More often than not, I see lamps in master bedrooms that are way too small. But, how do you know what the right size is for bedroom lamps? There’s a decorating trick to make sure your lamps are the right scale that involves your bedside table and some styling.
Take a look at this reader’s bedroom.
I have been haunting 2 different HomeSense stores these last few months, and it seems like all the lamps are humongous—like 26” high or more. These seem like living room lamps to me, not bedside table lamps….???? I have always had trouble choosing the proper scale (I end up with things that are too “bitty” and small). I am consciously trying to “buy larger”…..
It’s that time of year when it’s dark so early in the evenings, it makes pulling out Christmas lights an emergency.
I have been in many homes late into January (in my 20 years of being in design), where my clients still have the Christmas tree up and I always know the reason why:
Because most people don’t have enough lamps (the torch light in the corner does not count) to create the same atmosphere that holiday lights create in your home.
When I asked her what she learned from shopping and decorating with me for the week I was in town, here’s what was at the top of her list:
“I learned that $59.99 (the average price for a designer lamp at HomeSense in Canada) is a good price for a lamp (since everywhere else they were $100 – up) and I learned that a good lamp is worth. Every. Penny.
What’s the Right Scale for Bedroom Lamps?
When Nancy and I were at Walmart (I wish I had taken a photo), we stood there looking at the wall of lamps and almost every single one on rows and rows of shelves, was around 12-15″ tall and looked like this:
Do you know how many times I have seen this very lamp in master bedrooms over the years?
Standing there in the big box store where people pick up a lamp along with their groceries and laundry supplies.
It’s no wonder people assume that is what they should use.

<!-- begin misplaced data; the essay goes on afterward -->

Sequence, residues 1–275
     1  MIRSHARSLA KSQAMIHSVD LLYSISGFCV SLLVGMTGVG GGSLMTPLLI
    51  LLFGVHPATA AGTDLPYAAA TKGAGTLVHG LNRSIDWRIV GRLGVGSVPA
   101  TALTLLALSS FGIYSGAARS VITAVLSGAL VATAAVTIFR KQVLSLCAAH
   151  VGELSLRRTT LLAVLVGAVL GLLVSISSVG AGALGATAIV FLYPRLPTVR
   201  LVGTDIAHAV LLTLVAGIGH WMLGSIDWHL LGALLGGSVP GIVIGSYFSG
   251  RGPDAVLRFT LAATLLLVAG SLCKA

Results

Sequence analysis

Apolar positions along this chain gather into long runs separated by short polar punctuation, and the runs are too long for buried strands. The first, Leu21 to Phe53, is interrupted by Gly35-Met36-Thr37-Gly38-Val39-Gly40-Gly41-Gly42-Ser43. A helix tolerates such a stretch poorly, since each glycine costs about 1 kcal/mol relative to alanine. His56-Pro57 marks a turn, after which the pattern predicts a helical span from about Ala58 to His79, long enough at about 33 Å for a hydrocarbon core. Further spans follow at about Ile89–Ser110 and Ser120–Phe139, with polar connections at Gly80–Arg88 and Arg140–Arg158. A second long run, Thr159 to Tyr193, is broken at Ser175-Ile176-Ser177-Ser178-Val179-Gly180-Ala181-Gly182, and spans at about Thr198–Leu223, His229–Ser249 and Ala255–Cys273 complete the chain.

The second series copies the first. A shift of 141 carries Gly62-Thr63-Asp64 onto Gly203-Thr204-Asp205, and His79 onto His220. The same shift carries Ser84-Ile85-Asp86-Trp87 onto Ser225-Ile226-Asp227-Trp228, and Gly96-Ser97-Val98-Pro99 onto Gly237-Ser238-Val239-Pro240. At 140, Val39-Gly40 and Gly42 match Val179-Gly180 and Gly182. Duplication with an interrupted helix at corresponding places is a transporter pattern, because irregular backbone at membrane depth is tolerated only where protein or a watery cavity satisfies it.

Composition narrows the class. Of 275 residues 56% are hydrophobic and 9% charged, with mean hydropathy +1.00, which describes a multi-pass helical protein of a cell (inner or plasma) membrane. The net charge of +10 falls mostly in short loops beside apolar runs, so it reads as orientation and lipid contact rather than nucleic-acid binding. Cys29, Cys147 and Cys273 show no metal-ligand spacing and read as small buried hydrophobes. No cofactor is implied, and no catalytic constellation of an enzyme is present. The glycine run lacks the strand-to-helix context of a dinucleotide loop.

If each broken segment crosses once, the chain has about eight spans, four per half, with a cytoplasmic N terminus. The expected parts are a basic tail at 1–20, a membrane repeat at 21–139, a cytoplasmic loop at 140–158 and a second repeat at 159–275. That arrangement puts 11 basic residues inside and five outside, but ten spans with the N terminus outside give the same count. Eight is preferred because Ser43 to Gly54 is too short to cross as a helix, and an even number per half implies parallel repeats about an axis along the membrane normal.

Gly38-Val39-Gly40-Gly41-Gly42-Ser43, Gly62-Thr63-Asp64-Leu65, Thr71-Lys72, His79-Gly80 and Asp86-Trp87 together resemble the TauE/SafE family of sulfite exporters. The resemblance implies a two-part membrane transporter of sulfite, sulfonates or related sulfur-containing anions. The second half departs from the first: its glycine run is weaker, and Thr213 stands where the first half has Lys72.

But my lovelies, beauty is in the details. And lamps are SUCH an important detail. Good lamps are a splurge sure, but as Nancy said, worth every penny!
It also might seem intuitive that bedside lamps should not be taller than the headboard. It’s true that they can look oversized IF there is no interest above the headboard to give them context.
Here is Tracey’s bedroom below with the new lamps she is trying. It’s clear she’s not committed to them, because if she was sure, the plastic would be off the shades 😉
The lamps still look too small, but as we can see, part of the problem is the size of the end tables. They are much too small to hold your stack of bedtime reading, some styling objects AND full sized lamps.
A good end table should be at least 28 inches wide, and that’s the minimum. The one she has is only 18 inches. It would feel like a wobbly pedestal with a proper lamp on it. Here is a well-scaled end table with a beautiful full scale lamp below.
Notice in the next example below that in addition to this beautifully styled end table holding a full scale lamp, there is art and a well dressed window creating interest above the headboard. These decorating details create context so that the lamps shade is not just floating up in front of a blank wall.
Let’s look at Tracey’s lamp dilemma again. Option 1 shows her existing lamps, option 2 shows the ones she’s considering that aren’t perfect yet. And, the last option shows what I would do.
Here is a better end table for Tracey’s room shown below. It is a practical and generous 32 inches wide.
And this end table is large enough to accommodate a pretty full-sized lamp that picks up the blue accents in her bedding.
Adding even a simple round mirror over the headboard gives the taller lamps context by creating interest above the bed.
I would also layer in a crisp white quilt and shams to add freshness and balance.
And speaking of drawing the eye up, adding some pattern to the walls would take Tracey’s room to the next level.
How fun is that lovely wallpaper?
Don’t ignore your walls when decorating
Aside from the bold reason that good decor takes some hunting to find, and costs a bit more, the main reason many of us struggle with scale is because we haven’t pushed the context far enough. We haven’t considered how to decorate the walls above the furniture. And this is how we end up with expanses of blank walls and lamps, art and accessories that are floating and bitty.
When it comes to bedroom lamps, go big! And make sure your end tables are substantial enough to hold them along with everything else you need. The extra effort and expense are more than worth it, I promise!
Over to you. How tall are your bedside lamps? And I want to know if my assumption is correct. Do you have a small bedside lamp because your end table is small? Or perhaps your bed does not have a headboard yet (since the master bedroom is THE most neglected room in the house).
Why do so many people assume that a 28″ lamp is way too tall for a bedroom?
If you’d like your home to fill you with happiness when you walk in the door, check out my eDesign packages here.
If you have a question for my Ask Maria column, take some photos in good natural light and email them here. Please note, if the room is tidy, it will have a higher chance of being featured.